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The Ship Avenged (Brainship) Mass Market Paperback – January 1, 1998


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Product Details

  • Series: Brainship
  • Mass Market Paperback: 368 pages
  • Publisher: Baen; 1ST edition (January 1, 1998)
  • Language: English
  • ISBN-10: 0671878611
  • ISBN-13: 978-0671878610
  • Product Dimensions: 4.2 x 1 x 6.8 inches
  • Shipping Weight: 6.4 ounces (View shipping rates and policies)
  • Average Customer Review: 3.5 out of 5 stars  See all reviews (28 customer reviews)
  • Amazon Best Sellers Rank: #567,263 in Books (See Top 100 in Books)

Editorial Reviews

From Kirkus Reviews

Another entry in the Brain/Brawn series created by Anne McCaffrey, and a direct sequel to the paperback The City Who Fought (McCaffrey and Stirling); ``brains'' are humans wired directly and immovably into their spaceships, ``brawns'' their mobil human partners. Planet Bethel bigwig Amos ben Sierra Nueva and his daughter Soamosa are kidnapped by the evil mutant, Belazair of Kolnar, in revenge for a previous defeat; Belazair plans to infect Amos with a contagious brain-destroying virus and then send him back to Bethel. So, after some arm-twisting by secret agent Bros Sperin, spaceship Wyal (brain: Rand; brawn: Joat Simeon-Hap) speeds to the rescue, though Joat and Rand don't yet know about the virus. But then Belazair's kindly son, Karak, refuses to torture Soamosa; instead he falls in love and escapes with her. Joat, meanwhile, discovers that one of Belazair's key associates is the drug-ruined uncle who, when she was a small girl, sold her into slavery in settlement of a gambling debt. Not to worry, though: In McCaffrey universes, the good guys always win in the end. Pretty good ersatz McCaffrey, despite the feebly unconvincing love story. -- Copyright ©1996, Kirkus Associates, LP. All rights reserved. --This text refers to an out of print or unavailable edition of this title.

Review

"... Stirling proves that the space-opera appeal of the Ship books continues.... Clever technological toys, cute Al programs and really nasty biochemical poisons abound..".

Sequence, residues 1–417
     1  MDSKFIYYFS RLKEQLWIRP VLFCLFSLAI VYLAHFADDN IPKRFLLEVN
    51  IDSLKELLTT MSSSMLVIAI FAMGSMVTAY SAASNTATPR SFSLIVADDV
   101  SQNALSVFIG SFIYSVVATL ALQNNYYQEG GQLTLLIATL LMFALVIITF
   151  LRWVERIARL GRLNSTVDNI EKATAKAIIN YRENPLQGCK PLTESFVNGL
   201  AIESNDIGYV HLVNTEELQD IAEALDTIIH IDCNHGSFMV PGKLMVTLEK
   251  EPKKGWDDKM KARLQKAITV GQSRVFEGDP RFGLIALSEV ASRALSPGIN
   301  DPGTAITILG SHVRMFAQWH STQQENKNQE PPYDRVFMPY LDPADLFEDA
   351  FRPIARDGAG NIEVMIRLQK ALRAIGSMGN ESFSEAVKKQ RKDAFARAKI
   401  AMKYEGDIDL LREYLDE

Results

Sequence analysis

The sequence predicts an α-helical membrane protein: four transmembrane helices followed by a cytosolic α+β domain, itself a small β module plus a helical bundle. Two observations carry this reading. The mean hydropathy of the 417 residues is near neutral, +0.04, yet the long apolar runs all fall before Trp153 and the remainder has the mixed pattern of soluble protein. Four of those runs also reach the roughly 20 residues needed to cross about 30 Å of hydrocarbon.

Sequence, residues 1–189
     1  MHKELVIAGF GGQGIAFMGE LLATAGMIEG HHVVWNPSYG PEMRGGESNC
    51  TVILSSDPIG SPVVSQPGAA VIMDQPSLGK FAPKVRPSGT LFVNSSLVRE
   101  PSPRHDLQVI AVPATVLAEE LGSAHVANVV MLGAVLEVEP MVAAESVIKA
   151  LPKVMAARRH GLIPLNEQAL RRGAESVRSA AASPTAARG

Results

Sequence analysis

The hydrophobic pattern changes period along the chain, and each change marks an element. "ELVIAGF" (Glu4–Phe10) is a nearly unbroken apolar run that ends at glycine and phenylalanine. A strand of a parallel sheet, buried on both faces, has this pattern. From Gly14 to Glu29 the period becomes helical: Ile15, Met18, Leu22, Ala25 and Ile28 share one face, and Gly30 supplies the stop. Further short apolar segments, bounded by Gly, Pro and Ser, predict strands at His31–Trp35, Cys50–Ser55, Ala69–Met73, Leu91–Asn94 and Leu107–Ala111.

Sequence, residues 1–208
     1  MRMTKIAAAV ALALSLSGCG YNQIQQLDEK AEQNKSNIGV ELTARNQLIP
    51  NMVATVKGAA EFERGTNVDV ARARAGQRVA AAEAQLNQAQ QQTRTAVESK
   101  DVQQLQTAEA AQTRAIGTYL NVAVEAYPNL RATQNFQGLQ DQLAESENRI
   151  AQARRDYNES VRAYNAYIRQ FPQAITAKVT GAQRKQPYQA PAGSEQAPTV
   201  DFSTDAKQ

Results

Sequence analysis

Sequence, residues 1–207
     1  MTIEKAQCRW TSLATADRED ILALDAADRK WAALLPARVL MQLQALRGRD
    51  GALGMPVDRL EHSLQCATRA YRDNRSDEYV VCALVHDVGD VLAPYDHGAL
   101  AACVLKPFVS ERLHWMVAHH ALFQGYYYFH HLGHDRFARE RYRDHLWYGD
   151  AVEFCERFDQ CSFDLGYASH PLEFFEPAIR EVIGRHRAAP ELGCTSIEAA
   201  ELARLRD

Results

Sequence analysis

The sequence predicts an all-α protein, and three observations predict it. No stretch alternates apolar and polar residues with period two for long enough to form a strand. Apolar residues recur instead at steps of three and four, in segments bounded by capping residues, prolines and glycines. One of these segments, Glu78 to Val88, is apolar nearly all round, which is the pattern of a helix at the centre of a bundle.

-- Publishers Weekly


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Customer Reviews

Not too female.
Joe
The end of the book is riddled with plotholes and dangling plot lines that the author tried to tie up neatly at the end, but just...didn't.
Kenvee B
Bad endings are bad.
L. Magee

Most Helpful Customer Reviews

10 of 10 people found the following review helpful By Kenvee B on April 3, 2003
Format: Mass Market Paperback
I really enjoyed "The City Who Fought", especially the character of Joat, so I was thrilled when I finally found out there was a sequel. Well...it was all right. Not bad, not great, certainly not what it could have been. All the right moves were made in the beginning to set up a truly fascinating read, but it just never came together. The end of the book is riddled with plotholes and dangling plot lines that the author tried to tie up neatly at the end, but just...didn't. It wasn't just that the romance felt horribly contrived, but ALL the character relationships towards the end started feeling like actors reading lines that didn't quite add up. And unfortunately, some of the most important action of all was glossed over by an "overview" last chapter that left me screaming. The book would've benefitted from an extra fifty pages or so to tie up all the complications that were brought in at the last minute.
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8 of 8 people found the following review helpful By Tristan Lawrence on November 20, 2004
Format: Mass Market Paperback
This book just isn't up to the standard of the other episodes in the BrainShip series. The plot and the characters show promise, but the polish and fun of the other books is missing. The main villian is absolutely flat and serves mainly as a blatent plot device. The various logic inconsistancies pile up until the plot collapses totally about 75% of the way into the story. I also noticed a large number of editing errors. "ass" instead of "ask", "hum" instead of "him", and so forth. Not recommended for anybody but a die-hard fan.
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9 of 11 people found the following review helpful By A Customer on July 1, 1997
Format: Hardcover
You gotta read the brainship series. They are all entertaining. Stirling tones down the
evil mutants and shows the potential for some reconciliation. Still some nasty folks to